Taxi’s relationship with Mini began with the car’s Canadian launch in 2002. Since then, much of the work has been exported globally, including an early out-of-home stunt that saw the car placed inside a cage near the Auto Show with the notice “Do not tease, feed or annoy the Mini.” Minimalism, a customizable website about the car’s eco-friendly features, offered content programmed to match the length of time the consumer wanted to spend on the site – a breakthrough idea that won a Gold Lion at Cannes and went on to become a global platform for Mini’s environmental messaging.
“Mini is a brand that’s seen around the world, with very good agencies in all the geographies trying to make work that stands out,” says Mykolyn. “Everyone’s competing not just within an office but within a global landscape, so the work’s better because of that.”
And then there’s Viagra – a campaign that caught the ad world’s attention in 2002 by leaving out everything we’ve come to expect from pharmaceutical advertising. No hard sell, no government-mandated list of side effects. Instead, an early TV spot showed a man skipping to work with musical accompaniment, leaving viewers wondering why he was so darn happy until the word “Viagra” was revealed. That first spot established the humorous tone the Pfizer brand still uses to get men talking to their wives and doctors, while creatively sidestepping heavy regulations restricting product information in tandem with branding.
Taxi won Gold Lions for its Viagra work in 2005, 2007 and 2009, and in 2006, “Bleep” was the third-most awarded campaign in the world. Last year, the Gunn Report (an annual tally of results from ad awards around the world) declared Taxi’s Viagra spots the second-most awarded film work in 2010. Guenette says that’s set the bar high for new work.
“Every year, Steve comes into my office after the Viagra campaign is done and says, ‘Okay, Rob, here’s the work,’ and I go, ‘Geez, I don’t know if that’s as good as last year.’ Then I’m in Cannes and I find out we’ve won Gold on Viagra again.”

But Taxi’s not the only Canuck agency making waves around the world. In fact, you’d have a hard time finding a Canadian team with more unbridled creativity and international flavour than Sid Lee.
Founded in 1993 as Diesel – a name that was changed to the anagram “Sid Lee” in 1996 – the Montreal agency was created by a group of students with no experience, no clients and no money, as a way of elbowing their way into a tough industry. This entrepreneurial-outsider perspective worked to their advantage, and since then, Sid Lee has grown into a 450-member multidisciplinary team known for creating edgy, unconventional brand experiences for companies like Cirque du Soleil and Red Bull, and winning the global Adidas advertising account.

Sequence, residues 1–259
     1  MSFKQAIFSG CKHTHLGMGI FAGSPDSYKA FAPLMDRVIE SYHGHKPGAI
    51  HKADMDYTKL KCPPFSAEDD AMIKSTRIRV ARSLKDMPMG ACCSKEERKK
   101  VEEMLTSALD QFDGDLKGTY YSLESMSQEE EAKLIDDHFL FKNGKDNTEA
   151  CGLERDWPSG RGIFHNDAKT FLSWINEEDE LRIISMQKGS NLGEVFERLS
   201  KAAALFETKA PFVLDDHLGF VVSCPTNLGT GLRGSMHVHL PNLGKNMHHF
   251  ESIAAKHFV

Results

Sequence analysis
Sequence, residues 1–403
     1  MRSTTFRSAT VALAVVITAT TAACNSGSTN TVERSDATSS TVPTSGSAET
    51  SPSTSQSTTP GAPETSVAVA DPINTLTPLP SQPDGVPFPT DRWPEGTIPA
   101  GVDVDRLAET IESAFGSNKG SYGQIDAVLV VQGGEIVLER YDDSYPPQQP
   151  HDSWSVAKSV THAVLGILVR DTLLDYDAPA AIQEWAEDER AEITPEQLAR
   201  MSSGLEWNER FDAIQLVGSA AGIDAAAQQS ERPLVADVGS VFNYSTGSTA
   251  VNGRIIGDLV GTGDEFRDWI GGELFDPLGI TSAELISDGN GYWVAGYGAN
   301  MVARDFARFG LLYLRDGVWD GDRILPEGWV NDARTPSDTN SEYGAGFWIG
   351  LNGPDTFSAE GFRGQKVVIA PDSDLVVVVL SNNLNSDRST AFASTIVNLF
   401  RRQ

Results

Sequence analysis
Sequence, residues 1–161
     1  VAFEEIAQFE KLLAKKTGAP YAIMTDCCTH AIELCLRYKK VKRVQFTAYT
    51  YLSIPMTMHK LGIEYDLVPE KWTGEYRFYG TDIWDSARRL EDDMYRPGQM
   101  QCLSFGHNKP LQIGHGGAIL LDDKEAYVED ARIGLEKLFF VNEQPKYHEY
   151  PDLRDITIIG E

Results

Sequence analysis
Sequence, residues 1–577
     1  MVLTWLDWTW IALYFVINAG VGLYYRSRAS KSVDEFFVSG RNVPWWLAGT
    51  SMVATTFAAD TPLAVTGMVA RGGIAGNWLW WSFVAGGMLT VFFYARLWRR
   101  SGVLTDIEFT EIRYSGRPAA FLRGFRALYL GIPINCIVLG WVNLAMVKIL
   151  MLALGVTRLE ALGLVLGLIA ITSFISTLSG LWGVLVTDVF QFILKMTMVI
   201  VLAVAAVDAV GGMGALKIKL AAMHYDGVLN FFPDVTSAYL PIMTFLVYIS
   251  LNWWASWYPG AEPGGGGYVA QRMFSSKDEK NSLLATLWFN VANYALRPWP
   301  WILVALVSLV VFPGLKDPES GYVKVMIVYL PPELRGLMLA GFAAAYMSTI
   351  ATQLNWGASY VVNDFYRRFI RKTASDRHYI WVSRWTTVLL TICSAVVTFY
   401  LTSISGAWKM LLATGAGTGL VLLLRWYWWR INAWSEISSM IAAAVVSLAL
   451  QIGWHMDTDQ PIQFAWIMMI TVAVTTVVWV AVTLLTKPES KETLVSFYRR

Recent years have seen new offices – or, as the agency prefers to call them, ateliers – popping up in Amsterdam (2009), Paris and Toronto (both 2010), all operated with a single P&L, and international accounts now make up 50% of the business. This spring, the agency set up shop in Austin, Texas, kicking off a planned expansion into the U.S. market.
While this international growth puts Sid Lee in closer proximity to certain clients (for instance, Dell’s head office is in Austin), vice-president and partner Vito Piazza says it also helps with staffing.
“Our ability to do international-quality work is really contingent on getting the right talent,” explains Piazza. “That means the quality of talent but also diversity in terms of culture and expertise. The cities we’ve selected [for expansion] have helped us tremendously in that.”
Sid Lee prides itself on being allergic to the status quo, ignoring traditional silos and blurring the boundaries between business and art. It’s built up a diverse staff that includes art directors, architects, screenwriters, retail design experts, interactive developers and creatives from just about every other discipline you can imagine.
Although the teams are separated by an ocean, Piazza says collaboration is a critical part of their success. “The level of involvement between the offices is not between the presidents, talking about high-level issues – it happens on a very granular level,” he says. “If you look at our international success, it’s because we can go within the broader group and pick the best people.”
Another big part of the agency’s cachet has come from staying ahead of the technological curve and doing things people have never seen before.